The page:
Bedinger v. Graybill's & Trustee

Annotate this Case

302 S.W.2d 594 (1957)

Mrs. Henry BEDINGER et al., Appellants, v. Mrs. Luella GRAYBILL'S EXECUTOR & TRUSTEE, et al., Appellees.

Court of Appeals of Kentucky.

March 22, 1957.

Dissenting Opinion March 29, 1957.

Rehearing Denied June 21, 1957.

*596 James R. Richardson, Thomas P. Bell, Walter C. Cox, Jr., Lexington, for appellants.

Paul H. Mansfield, Robert Hayes, Lexington, for appellees.

STANLEY, Commissioner.

The case presents what may be said to be, as a popular expression of today, "A $64,000 question." Is it lawful for a man to adopt his wife as his child and heir at law? The amount involved is approximately $64,000.

By her will, executed in August, 1914, Mrs. Luella Graybill set up a trust for her son, Robert E. Graybill, for his life. The trustee was authorized to pay him one-half the corpus. The third paragraph of the will reads:

"After the death of my said son, I direct that the trust estate in the hands of the Trustee be paid over and distributed by the Trustee to the heirs at law of my said son, Robert E. Graybill, according to the Law of Descent and Distribution in force in Kentucky at the time of his death."

A holographic codicil dated December 12, 1922, provided, "If my son, Robert, dies without heirs, the estate is to be divided between Foreign Missions & Ky. Mountain School."

The son and the appellee, Louise W. Graybill, were married on December 25, 1922. He was then 39 and she was 26 years old. The testatrix died on April 9, 1923. On March 18, 1941, when he was 58 and she was 45 years old, by a proceeding in the Fayette County Court, Robert E. Graybill adopted his wife. The judgment recited she was adopted "as his legal heir at law and child and after this date she shall be deemed to all legal intents and purposes the legal heir at law of said Robert E. Graybill."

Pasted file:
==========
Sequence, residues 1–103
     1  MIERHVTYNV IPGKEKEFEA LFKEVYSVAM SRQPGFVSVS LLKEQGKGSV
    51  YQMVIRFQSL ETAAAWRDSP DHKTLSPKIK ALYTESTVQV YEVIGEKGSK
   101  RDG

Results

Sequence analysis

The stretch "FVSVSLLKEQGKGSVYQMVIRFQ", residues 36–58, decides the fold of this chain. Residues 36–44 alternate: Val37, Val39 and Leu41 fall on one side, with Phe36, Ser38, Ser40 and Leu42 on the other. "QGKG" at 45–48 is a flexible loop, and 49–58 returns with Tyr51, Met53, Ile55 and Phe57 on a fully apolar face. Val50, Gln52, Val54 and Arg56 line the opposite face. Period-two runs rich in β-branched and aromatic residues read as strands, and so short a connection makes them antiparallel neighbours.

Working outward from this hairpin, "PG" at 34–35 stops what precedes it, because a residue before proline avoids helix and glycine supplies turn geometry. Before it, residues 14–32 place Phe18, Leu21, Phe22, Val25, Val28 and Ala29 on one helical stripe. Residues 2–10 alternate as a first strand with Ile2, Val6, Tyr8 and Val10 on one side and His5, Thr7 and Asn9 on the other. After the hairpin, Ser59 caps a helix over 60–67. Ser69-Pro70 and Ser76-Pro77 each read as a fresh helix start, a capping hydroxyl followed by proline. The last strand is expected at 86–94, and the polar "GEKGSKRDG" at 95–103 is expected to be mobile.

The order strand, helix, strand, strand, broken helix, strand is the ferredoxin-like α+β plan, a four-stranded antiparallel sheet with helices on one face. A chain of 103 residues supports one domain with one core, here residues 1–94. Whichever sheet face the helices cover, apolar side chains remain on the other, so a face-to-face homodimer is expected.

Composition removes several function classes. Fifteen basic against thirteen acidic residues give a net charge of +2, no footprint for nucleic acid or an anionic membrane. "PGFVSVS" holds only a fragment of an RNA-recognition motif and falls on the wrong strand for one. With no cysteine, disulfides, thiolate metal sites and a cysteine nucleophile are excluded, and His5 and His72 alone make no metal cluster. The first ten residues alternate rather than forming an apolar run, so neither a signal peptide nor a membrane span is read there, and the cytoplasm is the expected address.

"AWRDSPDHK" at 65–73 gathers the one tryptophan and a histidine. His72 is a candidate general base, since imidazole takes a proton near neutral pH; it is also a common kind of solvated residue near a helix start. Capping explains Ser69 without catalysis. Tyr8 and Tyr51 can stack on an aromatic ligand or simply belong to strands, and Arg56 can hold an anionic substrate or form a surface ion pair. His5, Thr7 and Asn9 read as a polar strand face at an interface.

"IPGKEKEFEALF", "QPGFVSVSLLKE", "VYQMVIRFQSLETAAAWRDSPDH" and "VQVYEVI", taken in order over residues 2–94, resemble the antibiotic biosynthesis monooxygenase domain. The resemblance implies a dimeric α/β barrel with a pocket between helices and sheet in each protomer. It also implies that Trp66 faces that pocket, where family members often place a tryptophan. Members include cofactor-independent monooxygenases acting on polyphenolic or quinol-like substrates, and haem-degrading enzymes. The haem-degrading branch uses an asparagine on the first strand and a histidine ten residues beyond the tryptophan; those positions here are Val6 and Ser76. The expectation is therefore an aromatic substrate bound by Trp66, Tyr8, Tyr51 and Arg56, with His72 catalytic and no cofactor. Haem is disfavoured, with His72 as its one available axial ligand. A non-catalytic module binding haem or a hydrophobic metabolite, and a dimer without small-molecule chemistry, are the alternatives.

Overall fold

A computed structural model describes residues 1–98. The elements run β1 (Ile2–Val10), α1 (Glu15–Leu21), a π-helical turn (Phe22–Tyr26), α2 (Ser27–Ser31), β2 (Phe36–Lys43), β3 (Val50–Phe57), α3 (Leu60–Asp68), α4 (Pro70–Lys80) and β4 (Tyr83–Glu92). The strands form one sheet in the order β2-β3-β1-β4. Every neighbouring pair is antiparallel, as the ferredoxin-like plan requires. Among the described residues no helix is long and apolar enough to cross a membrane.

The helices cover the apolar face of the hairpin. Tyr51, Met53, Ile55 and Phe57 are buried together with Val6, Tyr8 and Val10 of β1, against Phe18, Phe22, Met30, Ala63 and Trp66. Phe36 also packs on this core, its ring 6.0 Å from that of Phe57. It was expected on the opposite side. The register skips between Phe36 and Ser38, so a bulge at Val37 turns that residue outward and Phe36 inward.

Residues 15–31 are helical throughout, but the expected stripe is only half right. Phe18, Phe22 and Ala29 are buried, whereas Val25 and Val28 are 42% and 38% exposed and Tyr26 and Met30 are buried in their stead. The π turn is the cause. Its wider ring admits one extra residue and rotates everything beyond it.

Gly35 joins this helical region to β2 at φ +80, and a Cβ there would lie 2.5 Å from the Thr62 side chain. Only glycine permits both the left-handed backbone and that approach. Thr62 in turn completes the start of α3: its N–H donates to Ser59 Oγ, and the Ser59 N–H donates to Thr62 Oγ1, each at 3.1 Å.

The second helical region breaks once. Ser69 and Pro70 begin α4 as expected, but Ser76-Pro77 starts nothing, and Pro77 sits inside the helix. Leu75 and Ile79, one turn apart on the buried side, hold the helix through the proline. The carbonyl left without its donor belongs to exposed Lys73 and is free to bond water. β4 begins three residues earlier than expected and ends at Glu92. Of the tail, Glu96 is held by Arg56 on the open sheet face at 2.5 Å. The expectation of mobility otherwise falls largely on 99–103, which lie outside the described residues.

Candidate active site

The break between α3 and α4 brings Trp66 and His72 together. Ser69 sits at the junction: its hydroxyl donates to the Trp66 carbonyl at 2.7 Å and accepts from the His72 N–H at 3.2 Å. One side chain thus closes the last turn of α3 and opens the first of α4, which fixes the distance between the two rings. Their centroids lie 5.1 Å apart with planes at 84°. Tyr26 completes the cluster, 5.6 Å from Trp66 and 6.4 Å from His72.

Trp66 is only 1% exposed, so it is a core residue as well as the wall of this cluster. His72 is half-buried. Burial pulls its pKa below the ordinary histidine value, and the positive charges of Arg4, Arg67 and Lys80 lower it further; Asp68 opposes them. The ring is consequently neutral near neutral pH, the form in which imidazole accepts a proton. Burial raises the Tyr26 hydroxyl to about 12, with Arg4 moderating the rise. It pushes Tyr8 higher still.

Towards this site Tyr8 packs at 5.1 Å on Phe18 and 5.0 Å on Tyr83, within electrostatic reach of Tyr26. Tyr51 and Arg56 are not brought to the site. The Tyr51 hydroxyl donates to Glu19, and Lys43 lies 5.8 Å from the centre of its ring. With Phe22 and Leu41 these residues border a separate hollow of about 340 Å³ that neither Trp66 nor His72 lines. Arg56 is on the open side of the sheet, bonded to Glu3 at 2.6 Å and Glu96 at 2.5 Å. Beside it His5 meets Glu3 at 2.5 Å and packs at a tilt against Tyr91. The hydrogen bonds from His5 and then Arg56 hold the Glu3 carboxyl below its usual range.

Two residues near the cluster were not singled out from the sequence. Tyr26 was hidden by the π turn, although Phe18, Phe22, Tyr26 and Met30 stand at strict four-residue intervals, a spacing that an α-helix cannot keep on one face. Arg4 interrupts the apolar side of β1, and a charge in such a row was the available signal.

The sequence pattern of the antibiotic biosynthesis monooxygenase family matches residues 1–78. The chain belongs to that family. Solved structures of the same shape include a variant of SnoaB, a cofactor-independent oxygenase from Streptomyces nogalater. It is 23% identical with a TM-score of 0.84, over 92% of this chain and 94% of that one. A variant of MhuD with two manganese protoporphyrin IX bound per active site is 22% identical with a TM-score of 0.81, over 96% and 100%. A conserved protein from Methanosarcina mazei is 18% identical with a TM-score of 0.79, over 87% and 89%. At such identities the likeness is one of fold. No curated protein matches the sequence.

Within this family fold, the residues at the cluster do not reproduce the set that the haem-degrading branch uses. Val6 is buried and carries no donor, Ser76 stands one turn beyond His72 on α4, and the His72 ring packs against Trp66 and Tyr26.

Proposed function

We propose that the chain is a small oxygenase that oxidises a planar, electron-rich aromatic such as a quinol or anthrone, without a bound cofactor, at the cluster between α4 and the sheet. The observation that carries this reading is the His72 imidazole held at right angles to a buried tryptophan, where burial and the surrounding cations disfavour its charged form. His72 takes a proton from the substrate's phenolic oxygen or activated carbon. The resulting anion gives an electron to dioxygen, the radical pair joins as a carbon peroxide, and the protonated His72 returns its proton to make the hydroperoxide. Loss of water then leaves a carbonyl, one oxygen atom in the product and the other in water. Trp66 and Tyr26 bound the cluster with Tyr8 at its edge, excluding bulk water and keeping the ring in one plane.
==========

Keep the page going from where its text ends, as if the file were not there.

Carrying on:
Robert E. Graybill died October 28, 1955, without a child having been born to him. This suit is to have the court declare whether Mrs. Graybill, as his adopted heir, or his cousins, as his natural heirs, or "Foreign Missions & Ky. Mountain School" are entitled to the remaining corpus of the trust. The court, in a learned opinion, concluded that the adoption of the wife was lawful and adjudged her entitled to the trust estate. The appeal by the decedent's cousins challenges the judgment.

The judgment of adoption of the County Court being that of a court of competent jurisdiction is, of course, final and cannot be set aside or vacated by a collateral attack unless it be shown to be void ab initio.

Under the Kentucky Law an adopted child is regarded as and included within the designation of an heir or an heir at law and may inherit or receive property through, as well as from, the adopter unless a contrary intention is apparent from the language of the will devising the property. KRS 199.530; Major v. Kammer, Ky., 258 S.W.2d 506. There is no contrary intention apparent in Mrs. Luella Graybill's will. The provision is clear and explicit that the estate shall go to her son's "heirs at law * * * according to the law of Descent and Distribution in force in Kentucky at the time of his death."